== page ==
Friday, August 14, 2009

Sept 2009 Fast Company Magazine - Open Content Ed & Other Stuff

Some interesting stuff from the September 2009 issue of Fast Company... including a feature story about a fascinating topic I've been hearing frequently about of late.

FC writer Anya Kamenetz penned "How Web-Savvy Edupunks Are Transforming American Higher Education"... a long title given for a piece about an important topic. The concept is "open content" education, basically making available online learning that previously had been held behind an (often extremely expensive) brick and mortar wall.

The leading force behind the movement seems to be BYU professor David Wiley... who is also heavily involved in both non-profit and for profit private enterprise around open-content (or open-source) education. The first I heard of the movement or concept was from a Nov 2008 Time Magazine article about Western Governors University and more recent mentions of YouTube EDU and Apple iTunes U.

Attached to the Kamenetz piece is Fast Company's "Five Startups to Watch"... with these and other companies being part of the inaugural Venture Capital in Education Summit held earlier this year. The field is growing and I'm terribly interested from both a macro and personal level.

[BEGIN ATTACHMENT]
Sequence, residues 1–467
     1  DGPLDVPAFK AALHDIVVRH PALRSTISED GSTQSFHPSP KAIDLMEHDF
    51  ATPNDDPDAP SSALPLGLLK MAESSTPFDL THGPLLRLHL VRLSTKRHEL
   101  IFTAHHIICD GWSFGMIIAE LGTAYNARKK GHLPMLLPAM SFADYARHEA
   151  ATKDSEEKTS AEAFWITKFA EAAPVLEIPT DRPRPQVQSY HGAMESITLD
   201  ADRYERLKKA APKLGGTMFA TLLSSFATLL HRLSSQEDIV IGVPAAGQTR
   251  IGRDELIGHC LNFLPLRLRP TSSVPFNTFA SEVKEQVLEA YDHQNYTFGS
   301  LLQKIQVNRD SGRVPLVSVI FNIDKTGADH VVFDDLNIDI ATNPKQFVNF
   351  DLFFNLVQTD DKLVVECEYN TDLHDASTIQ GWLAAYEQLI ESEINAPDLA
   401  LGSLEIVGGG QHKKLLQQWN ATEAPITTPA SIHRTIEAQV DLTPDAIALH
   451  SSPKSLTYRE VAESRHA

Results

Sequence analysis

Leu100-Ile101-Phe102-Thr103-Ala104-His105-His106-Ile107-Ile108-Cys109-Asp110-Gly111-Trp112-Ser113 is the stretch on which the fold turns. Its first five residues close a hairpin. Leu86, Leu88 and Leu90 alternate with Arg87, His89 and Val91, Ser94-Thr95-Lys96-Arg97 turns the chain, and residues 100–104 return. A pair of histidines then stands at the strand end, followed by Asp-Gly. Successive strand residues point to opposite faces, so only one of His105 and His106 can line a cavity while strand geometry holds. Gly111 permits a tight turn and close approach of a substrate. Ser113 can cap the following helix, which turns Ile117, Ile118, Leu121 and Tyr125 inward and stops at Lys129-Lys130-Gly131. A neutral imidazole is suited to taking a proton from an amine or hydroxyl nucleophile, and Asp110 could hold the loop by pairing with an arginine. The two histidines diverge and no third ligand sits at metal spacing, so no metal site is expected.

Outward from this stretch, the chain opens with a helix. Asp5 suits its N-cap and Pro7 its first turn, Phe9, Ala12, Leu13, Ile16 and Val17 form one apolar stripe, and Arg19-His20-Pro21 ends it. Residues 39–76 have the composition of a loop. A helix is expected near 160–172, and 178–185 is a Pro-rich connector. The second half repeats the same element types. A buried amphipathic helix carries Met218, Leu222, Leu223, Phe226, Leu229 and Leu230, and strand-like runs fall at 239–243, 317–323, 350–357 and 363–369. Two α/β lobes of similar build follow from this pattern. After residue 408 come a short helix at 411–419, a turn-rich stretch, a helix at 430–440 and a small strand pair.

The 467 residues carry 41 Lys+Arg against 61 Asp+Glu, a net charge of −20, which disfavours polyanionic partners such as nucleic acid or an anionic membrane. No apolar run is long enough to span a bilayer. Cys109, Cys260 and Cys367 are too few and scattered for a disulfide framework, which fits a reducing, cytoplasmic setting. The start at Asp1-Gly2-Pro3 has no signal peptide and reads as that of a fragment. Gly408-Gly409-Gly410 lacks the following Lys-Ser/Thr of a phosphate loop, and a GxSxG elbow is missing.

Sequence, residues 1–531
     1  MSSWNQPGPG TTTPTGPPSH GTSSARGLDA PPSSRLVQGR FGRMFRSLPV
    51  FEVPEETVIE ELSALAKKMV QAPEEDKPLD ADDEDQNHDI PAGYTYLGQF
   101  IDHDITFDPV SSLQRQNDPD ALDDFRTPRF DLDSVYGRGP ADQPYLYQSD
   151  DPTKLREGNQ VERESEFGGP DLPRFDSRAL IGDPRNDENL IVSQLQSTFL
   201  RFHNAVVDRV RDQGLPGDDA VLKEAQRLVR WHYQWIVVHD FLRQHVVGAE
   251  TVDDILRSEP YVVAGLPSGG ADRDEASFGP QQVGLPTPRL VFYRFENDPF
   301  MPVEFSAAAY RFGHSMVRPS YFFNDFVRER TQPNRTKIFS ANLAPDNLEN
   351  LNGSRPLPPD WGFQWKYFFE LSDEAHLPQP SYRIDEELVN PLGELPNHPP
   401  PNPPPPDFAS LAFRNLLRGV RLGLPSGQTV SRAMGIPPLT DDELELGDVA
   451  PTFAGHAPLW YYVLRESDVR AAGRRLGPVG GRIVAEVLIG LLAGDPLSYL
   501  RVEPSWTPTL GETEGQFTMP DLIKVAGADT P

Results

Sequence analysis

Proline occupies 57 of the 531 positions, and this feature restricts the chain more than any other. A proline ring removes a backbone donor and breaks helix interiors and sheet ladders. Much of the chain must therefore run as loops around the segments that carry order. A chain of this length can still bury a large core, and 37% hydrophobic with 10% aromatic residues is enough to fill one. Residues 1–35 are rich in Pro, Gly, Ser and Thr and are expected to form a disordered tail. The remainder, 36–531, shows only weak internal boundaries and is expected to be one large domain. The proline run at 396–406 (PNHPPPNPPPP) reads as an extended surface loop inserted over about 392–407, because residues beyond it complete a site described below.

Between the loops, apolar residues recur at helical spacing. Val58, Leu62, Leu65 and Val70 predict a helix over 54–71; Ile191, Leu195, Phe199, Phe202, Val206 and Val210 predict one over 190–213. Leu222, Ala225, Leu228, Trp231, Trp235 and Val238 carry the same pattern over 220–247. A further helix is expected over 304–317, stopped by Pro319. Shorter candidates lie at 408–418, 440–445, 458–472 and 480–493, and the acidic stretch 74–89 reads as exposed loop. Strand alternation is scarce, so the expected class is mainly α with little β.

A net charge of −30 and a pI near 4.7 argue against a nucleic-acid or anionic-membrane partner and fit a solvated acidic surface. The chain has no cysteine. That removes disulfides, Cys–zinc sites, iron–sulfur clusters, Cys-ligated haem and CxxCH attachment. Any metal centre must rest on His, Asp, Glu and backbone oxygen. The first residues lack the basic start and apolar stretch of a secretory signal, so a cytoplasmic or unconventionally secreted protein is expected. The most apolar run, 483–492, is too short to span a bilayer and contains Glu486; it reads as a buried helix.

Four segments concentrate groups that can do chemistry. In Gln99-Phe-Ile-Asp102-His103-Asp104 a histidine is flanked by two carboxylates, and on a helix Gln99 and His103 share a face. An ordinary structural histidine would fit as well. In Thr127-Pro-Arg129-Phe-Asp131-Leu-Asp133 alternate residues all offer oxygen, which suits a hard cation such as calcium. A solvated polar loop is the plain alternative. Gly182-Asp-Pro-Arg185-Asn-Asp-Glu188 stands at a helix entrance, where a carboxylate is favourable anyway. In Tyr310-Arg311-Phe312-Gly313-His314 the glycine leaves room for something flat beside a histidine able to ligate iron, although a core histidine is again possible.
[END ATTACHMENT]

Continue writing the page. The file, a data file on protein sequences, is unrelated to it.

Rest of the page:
Big picture, the concept in it's various forms and representations should make education more available to all and for myself, I'm thinking of it as a way to find resources and forums to improve my writing.


In addition to that on open source education, there were two other pieces from this FC issue that stood out to me.

The first was "Heard of Allegiant Air? Why It's the Nation's Most Profitable Airline" about a carrier profitably serving mostly small markets (and doing it well I can say from personal experience).

The authors of "Made to Stick", Dan and Chip Heath, provide the second with "The Gripping Statistic: How to Make Your Data Matter"... about how to describe data and have it make sense. An example they give of something that could be worded better is "disposable diapers used could stretch to the moon and back 7 times". The Heath brothers point is that this doesn't tell you much, because if the trash generated was cut in half, "to the moon and back 3.5 times" still seems like a heck of a lot.